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Sergio Rodriguez, how a creative point-man became a dead-eye shooter

22/10/2020
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Going into the unexpected EuroLeague break, Sergio Rodriguez is shooting 50 percent from three-point range: he has made 12 of his 24 attempts. This is not necessarily surprising, because Chacho is sixth all-time in the EuroLeague for three-point field goals made, but he is the second, among the top 10 in accuracy, behind only the specialist Jaycee Carroll (42.35 percent for the American, 40.38 percent for Rodriguez). Combining volume and accuracy, Rodriguez deserves to be considered among the greatest shooters to ever play in the EuroLeague. But still…

Still, he wasn’t always this kind of player. Rodriguez, when he emerged playing for Estudiantes Madrid, was known for his penetrations, creativity, for the art of performing amazing passes. In fact, his idol growing up was Jason Williams, who in the NBA, first in Sacramento and then in Miami, where he won a championship, had popularized the most unpredictable passes. Sergio Rodriguez was his Hispanic version. But, in spite of being an effective scorer, he was no shooter. In 2004/05 when he played both in the Spanish league and in the EuroLeague with Estudiantes, Rodriguez finished the season 29-for-99 from three. Not a catastrophic year, but certainly not indicative of a dead-eye shooter. The following season – combining the Liga and the Eurocup – he made 31 three-pointers out of 109. In those days, he attempted one three-pointer for every three two-pointers.

In 2006, he was selected in the NBA draft first round by Portland for many reasons, but not for his outside shooting. As a rookie, in the NBA, he made 28.2% of his threes. He then gradually improved, but in the 2009/10 season, the season spent part in Sacramento and part in New York, he finished with a pedestrian 31-for-90 from three-point range. The three-pointer was still an afterthought for him. For every four shots he was taking from the field, three were twos.

In 2010, Rodriguez returned to Europe to play for Real Madrid. And he continued to be the player he had been until then, a creative point guard, with exceptional vision, terrific passing, outstanding ball handling, and just average as a shooter. In his first season at Real Madrid, he made 4 of his 20 threes in the EuroLeague. He was just a little bit better in the Liga, 32.4%. In terms of accuracy, the turning point came the following season when in spite of shooting from three only sporadically, he suddenly jumped from 20 to 46.9 percent (15/32 in 16 games) in the EuroLeague and to 39.6 percent in the Liga. In 2013/14 when he was named the EuroLeague MVP, the conversion became complete, total. That year, Rodriguez, at 27, was officially to be considered a lethal shooter. In the EuroLeague he had the best shooting season of his career, he made 50.0 percent of his attempts, and for the first time the number of three-point shots became comparable to those attempted from inside the arc.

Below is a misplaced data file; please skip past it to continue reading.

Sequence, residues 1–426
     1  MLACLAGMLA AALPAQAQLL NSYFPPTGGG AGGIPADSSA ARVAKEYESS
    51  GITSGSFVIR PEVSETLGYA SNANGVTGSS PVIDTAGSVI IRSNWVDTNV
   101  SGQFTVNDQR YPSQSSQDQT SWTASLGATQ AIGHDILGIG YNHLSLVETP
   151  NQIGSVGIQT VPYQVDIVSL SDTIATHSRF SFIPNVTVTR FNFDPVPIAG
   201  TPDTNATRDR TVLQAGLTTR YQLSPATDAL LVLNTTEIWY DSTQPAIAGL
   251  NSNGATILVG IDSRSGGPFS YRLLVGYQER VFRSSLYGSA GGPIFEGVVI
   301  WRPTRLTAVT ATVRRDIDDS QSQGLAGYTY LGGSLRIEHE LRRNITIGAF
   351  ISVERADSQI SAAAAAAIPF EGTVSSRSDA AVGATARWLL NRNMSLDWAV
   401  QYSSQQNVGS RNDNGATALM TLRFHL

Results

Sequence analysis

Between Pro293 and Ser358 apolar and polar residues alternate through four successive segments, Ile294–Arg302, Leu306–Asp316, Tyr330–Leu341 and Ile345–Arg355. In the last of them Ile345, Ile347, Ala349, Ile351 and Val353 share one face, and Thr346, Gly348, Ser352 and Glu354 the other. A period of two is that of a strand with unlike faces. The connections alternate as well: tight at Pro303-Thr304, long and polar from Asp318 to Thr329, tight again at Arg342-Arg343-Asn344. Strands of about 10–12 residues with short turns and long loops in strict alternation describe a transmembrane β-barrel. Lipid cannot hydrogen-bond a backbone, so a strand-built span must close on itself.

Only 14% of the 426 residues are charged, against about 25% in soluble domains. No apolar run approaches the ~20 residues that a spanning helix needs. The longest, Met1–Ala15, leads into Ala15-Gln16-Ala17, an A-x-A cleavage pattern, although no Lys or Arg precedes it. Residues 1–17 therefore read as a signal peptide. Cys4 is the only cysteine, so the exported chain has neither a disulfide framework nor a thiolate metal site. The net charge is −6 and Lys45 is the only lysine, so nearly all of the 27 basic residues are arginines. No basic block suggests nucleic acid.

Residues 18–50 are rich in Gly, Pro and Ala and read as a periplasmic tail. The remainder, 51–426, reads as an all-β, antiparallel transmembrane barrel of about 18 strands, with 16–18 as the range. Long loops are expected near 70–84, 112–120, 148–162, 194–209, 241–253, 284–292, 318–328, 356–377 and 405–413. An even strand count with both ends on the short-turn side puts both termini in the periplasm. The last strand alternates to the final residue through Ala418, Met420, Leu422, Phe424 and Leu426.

Since then, the Chacho has never looked back and the three-point shot has become more and more a lethal weapon for him. The benefits to his game are clear: since that time, Chacho have won the EuroLeague twice and have been MVP of the competition. Without those improvements in long distance shooting, it probably wouldn’t have been possible. 2015/16 was the season of his second turning point, the one in which Rodriguez shot more often from three than from two (127 against 97). Since then it has always happened, massively at CSKA (381 three-pointers in 71 games, against 269 two-pointers), a little less in Milan last year (virtual parity: 155 three-pointers against 153 two-pointers). In the first four games of this season, he has attempted 24 threes against 15 twos (by the way he’s converting 60.0 percent of them). Starting with the 2013/14 season, Rodriguez in seven seasons (he spent one more in the NBA) has made 393 out of 938 three-pointers, or 41.89 percent. Until then, he made 54 out of 169, 31.9 percent.

However, he still manages not to abuse of the three-point shot. It is no coincidence that in the Real Madrid game, in which he set his personal index record (37) and the second-best career scoring night, 25 points, he made only three threes, while he went 4-for-5 from two on top of going 8-for-8 from the line. Indeed, Rodriguez is a deadly shooter from the line. In the two years in Moscow, he made 97 of 109 free throws (89%). Last year he made 49 of his 51, or 96.1 percent, the best number of his career. Linking the end of last season and the beginning of this one, Sergio has scored 25 consecutive free throws, missed the 26th and then resumed his streak, now at 10.

 

CHACHO FROM THE LINE
CHACHO FROM DOWNTOWN
CHACHO FROM THREE